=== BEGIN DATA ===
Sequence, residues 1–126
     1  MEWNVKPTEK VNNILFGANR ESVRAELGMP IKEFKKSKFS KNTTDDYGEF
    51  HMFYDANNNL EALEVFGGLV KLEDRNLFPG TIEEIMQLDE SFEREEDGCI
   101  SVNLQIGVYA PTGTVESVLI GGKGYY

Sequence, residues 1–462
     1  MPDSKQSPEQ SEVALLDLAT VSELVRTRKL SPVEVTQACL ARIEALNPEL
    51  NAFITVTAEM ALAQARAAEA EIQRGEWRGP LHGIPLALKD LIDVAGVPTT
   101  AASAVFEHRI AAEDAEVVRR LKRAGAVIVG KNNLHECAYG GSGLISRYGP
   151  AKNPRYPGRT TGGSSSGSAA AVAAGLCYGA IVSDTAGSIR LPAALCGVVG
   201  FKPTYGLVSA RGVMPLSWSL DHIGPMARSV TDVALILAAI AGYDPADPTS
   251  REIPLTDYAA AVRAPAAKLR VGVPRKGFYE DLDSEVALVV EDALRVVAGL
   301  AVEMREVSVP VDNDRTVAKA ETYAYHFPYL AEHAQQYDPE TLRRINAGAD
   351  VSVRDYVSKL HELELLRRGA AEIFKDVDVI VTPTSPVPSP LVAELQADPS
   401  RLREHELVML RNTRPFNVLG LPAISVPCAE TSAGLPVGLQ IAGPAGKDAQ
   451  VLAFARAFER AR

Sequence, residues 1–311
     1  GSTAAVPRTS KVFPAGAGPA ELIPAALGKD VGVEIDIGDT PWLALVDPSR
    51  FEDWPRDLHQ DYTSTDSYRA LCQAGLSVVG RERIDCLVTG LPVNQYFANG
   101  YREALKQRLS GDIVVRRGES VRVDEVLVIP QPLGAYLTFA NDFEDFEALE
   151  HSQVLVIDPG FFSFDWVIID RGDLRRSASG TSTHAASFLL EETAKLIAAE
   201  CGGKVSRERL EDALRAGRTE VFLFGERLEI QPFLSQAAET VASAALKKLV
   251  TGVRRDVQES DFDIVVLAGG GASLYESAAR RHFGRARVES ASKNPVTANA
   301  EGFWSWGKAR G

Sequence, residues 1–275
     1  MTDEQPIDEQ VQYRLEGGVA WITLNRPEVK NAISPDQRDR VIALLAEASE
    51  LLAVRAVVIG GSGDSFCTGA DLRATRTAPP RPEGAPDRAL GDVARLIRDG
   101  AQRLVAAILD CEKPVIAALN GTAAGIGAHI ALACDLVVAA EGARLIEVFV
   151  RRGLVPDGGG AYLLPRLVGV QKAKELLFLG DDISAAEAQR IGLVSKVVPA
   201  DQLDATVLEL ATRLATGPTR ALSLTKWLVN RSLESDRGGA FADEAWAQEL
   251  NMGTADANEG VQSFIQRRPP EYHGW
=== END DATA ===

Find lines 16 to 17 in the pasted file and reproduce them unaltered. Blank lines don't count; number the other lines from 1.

Sequence, residues 1–311
     1  GSTAAVPRTS KVFPAGAGPA ELIPAALGKD VGVEIDIGDT PWLALVDPSR